Tuesday, May 31, 2016

Facts On Lap-band And Laparoscopic Sleeve Gastrectomy

By Catherine Howard

The number of weight loss surgical procedures being done in New York has continued to increase tremendously. Part of the reason for this is the fact that the techniques that are employed have been greatly improved and the procedure is now not only safe but also very effective. Lap-band and laparoscopic sleeve gastrectomy are two of the most commonly performed bariatric operations. It is important that one first tries out lifestyle changes before turning to surgery for weight loss.

The two operations work by reducing the functional capacity of the stomach. The stomach tends to fill faster than before hence there is a reduction in the amount of food eaten. Most of the food that is consumed undergoes metabolism to produce energy and very little is converted to fat. With time, there is net weight loss. The fundamental difference between the two is the fact that while lap-band surgery is can be reversed while sleeve gastrectomy is permanent.

The lap band procedure is usually done using an instrument called a laparoscope. The exact procedure involves minimal access of the abdomen using three small incisions. A silicon band is usually placed on the upper region of the stomach where it causes compression. With the organ now converted into a small pouch, only a small amount of food can be held at any one time.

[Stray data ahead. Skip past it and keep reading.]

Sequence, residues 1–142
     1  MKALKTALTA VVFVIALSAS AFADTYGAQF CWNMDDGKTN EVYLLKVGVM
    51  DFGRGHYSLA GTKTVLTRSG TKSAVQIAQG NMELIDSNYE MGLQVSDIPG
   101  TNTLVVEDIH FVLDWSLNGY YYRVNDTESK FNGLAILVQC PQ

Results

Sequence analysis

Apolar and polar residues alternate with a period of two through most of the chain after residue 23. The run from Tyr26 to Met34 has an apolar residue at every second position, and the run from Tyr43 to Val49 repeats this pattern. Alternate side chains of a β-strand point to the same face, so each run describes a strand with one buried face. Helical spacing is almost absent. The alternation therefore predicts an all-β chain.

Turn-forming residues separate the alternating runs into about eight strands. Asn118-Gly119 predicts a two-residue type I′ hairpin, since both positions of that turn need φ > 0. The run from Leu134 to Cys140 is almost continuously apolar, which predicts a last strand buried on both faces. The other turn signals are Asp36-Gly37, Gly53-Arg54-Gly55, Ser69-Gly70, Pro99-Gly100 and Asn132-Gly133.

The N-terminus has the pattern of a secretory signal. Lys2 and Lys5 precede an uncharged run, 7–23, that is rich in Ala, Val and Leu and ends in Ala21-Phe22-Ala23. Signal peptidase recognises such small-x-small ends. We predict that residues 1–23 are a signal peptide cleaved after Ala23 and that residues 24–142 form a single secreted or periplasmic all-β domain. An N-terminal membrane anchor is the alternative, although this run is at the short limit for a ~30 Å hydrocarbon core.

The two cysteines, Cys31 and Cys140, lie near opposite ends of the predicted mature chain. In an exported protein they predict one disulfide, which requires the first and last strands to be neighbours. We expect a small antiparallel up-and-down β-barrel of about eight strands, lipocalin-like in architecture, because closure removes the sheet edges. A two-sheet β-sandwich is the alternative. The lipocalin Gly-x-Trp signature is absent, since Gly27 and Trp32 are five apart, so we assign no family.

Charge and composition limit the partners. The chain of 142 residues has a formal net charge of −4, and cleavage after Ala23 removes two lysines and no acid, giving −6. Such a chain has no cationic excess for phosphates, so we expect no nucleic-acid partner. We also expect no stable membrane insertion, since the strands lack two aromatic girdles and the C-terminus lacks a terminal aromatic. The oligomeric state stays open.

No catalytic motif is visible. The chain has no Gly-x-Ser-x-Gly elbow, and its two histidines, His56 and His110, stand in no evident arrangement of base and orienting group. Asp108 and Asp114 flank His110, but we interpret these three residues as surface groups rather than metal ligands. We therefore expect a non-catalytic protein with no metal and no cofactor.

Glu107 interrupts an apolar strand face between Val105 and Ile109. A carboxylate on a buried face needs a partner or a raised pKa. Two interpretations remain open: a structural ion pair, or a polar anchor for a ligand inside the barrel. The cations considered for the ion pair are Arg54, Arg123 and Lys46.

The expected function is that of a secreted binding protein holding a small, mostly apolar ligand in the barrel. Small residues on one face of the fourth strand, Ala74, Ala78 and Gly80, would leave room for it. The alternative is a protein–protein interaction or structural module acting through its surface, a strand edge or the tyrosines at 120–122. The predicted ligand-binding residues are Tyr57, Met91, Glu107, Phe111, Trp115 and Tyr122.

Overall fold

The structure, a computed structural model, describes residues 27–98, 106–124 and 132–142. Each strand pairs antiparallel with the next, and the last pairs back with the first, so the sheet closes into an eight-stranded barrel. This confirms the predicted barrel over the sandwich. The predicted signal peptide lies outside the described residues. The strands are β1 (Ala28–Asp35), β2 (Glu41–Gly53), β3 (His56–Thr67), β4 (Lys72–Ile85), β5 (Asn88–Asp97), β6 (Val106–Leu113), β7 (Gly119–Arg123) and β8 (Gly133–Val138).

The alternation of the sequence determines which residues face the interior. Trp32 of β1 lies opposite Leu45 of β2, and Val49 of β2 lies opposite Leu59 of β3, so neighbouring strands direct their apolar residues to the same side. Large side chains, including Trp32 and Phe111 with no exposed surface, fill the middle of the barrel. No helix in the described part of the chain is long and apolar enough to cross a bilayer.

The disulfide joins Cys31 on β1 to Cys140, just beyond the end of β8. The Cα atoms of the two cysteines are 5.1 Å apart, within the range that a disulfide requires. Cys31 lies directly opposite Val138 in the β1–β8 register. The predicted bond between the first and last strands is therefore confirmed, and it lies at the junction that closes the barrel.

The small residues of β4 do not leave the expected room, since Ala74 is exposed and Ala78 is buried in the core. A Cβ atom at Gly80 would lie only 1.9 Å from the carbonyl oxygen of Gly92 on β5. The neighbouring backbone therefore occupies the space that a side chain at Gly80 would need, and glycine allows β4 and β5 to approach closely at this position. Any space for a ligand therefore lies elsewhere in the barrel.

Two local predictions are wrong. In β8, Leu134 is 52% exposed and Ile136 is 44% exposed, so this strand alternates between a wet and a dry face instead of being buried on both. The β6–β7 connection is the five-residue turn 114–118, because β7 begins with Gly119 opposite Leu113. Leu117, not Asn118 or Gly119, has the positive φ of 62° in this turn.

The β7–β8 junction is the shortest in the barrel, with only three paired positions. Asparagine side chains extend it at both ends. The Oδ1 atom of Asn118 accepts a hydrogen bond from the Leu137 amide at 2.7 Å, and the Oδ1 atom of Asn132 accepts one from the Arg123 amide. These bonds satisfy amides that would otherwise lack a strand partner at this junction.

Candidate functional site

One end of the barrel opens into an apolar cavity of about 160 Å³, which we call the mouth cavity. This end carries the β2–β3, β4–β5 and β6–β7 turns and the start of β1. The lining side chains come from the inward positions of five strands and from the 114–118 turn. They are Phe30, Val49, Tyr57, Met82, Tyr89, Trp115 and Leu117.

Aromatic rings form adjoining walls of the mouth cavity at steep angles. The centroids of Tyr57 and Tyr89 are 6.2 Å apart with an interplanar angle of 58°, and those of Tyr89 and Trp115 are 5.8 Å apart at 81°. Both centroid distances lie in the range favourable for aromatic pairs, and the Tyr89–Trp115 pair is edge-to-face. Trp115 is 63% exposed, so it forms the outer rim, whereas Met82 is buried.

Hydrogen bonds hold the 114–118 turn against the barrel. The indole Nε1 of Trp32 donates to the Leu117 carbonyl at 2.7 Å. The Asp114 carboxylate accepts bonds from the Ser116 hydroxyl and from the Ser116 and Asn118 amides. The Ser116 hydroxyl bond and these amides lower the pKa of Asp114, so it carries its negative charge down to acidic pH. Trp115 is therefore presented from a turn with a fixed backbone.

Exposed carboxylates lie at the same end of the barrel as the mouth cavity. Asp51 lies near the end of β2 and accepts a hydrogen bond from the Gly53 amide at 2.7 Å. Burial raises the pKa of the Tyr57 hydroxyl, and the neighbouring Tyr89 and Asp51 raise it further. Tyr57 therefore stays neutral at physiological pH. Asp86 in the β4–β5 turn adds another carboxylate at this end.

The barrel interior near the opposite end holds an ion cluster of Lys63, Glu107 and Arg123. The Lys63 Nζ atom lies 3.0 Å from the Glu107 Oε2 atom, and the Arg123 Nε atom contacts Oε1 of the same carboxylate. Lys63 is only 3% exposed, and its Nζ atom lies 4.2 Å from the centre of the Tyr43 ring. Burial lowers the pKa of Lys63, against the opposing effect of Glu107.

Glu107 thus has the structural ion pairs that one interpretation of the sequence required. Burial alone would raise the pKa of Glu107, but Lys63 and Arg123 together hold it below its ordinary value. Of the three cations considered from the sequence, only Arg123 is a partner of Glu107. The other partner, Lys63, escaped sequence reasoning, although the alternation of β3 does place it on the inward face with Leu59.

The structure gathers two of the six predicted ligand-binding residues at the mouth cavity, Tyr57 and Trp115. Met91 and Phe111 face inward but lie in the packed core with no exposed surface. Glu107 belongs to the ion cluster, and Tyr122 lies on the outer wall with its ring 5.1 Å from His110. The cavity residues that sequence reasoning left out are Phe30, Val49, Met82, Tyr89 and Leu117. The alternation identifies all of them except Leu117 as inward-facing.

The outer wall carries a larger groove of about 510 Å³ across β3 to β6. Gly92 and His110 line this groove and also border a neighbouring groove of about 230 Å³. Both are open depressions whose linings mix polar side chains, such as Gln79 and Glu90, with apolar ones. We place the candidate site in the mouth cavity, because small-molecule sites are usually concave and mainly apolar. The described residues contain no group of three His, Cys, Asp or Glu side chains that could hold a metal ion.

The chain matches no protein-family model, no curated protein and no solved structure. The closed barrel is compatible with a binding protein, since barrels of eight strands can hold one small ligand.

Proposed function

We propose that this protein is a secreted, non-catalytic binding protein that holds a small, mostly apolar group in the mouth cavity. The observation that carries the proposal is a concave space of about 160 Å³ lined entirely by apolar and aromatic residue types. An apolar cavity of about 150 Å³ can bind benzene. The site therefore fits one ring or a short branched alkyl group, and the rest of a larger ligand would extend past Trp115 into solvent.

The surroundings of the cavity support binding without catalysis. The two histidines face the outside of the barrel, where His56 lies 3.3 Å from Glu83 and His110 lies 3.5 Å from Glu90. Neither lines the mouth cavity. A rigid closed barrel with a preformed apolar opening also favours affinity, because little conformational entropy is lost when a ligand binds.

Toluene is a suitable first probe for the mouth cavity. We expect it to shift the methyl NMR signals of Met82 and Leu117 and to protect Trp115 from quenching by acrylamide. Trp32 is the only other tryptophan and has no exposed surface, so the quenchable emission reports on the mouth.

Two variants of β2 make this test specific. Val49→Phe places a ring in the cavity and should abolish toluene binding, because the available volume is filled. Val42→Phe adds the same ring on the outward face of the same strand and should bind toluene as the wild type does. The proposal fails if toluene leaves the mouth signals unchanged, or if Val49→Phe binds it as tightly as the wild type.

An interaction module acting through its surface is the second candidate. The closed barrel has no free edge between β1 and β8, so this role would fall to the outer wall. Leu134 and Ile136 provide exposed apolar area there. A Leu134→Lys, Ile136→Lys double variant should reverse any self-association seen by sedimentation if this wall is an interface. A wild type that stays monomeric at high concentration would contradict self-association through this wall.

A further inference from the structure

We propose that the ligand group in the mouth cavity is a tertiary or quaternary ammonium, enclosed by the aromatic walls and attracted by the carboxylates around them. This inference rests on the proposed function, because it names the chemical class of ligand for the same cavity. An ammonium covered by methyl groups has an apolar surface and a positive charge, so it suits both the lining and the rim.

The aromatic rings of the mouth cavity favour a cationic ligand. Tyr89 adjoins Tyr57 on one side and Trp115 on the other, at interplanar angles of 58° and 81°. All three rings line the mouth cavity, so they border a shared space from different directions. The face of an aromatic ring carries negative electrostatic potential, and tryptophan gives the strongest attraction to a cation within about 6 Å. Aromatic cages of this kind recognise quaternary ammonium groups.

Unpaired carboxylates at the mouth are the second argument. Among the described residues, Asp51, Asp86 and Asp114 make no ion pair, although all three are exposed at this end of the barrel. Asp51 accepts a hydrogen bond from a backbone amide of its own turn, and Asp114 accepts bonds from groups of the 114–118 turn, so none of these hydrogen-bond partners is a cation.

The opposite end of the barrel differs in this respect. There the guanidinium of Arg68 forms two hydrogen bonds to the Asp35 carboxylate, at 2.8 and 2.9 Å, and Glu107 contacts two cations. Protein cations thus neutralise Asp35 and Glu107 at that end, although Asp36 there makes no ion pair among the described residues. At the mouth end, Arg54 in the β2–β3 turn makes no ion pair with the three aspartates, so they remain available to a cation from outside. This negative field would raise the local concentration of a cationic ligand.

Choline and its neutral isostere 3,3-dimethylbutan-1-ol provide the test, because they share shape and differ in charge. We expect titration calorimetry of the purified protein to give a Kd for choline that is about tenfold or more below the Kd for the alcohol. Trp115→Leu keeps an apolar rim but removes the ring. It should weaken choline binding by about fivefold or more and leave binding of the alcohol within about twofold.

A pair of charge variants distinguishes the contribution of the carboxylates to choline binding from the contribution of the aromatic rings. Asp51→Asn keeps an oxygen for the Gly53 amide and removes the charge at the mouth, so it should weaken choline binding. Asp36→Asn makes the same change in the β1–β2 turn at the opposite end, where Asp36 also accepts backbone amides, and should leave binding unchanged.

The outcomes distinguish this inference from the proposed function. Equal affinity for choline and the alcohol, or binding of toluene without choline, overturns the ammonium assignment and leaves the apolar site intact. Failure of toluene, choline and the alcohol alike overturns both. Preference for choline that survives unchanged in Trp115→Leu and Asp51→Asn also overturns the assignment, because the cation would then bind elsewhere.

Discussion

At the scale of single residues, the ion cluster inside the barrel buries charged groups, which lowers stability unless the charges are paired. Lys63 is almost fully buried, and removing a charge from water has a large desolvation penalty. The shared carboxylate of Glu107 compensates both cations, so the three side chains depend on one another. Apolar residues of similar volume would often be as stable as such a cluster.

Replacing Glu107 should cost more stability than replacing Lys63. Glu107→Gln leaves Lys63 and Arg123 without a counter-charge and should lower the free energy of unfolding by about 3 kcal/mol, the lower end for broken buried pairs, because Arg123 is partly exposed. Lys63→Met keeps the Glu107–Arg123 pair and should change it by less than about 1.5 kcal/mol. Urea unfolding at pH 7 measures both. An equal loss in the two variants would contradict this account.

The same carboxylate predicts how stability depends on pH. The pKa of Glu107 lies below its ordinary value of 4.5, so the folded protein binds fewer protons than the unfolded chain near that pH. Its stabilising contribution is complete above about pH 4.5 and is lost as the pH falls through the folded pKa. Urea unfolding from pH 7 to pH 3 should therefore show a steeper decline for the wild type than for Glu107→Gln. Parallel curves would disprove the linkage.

There are a number of side effects associated with this surgery. They include bleeding (usually minimal), vomiting, nausea and aversion to food. The compression force from the band can be increased or reduced to minimize the symptoms. This is can be achieved by injecting or withdrawing water from a plastic tubing attached to the band. When water is injected the compression increases and when it is withdrawn, it reduces.

In sleeve gastrectomy, surgical resection of the stomach helps to reduce it by as much as 80%. The resultant stomach takes the shape of a sleeve (hence the name). Due to the reduction in capacity there will be early satiety and generally a reduction in consumption of food. The other benefit of this transformation is the fact that transit time is greatly reduced and so is the absorption of nutrients.

Generally, surgical weight loss surgery is most beneficial in persons with a body mass index (BMI) of more than 40. In case they have weight related complications such as diabetes, hypertension, sleep apnea and gastro esophageal reflux disease, a lower BMI may be considered. Bariatric surgeries have been shown to reduce the symptoms associated with these conditions.

There are a number of situations in which bariatric surgery is deemed inappropriate. One such situation is when there is a high risk of complications. Underlying hormonal problems such as hypothyroidism are among the reasons why the procedure may be cancelled or postponed until the problem has been managed. Other examples include gastrointestinal tract diseases such as inflammatory bowel disease, peptic ulcers and esophagitis.

This surgeries are usually done as day cases hence once can be discharged from hospital on the day that they are operated. In a few cases, there may be a need for one to be retained for 24 to 48 hours for observation. You will be instructed to take a liquid diet for about two weeks as the wounds heal. This is especially important in the case of gastrectomy.

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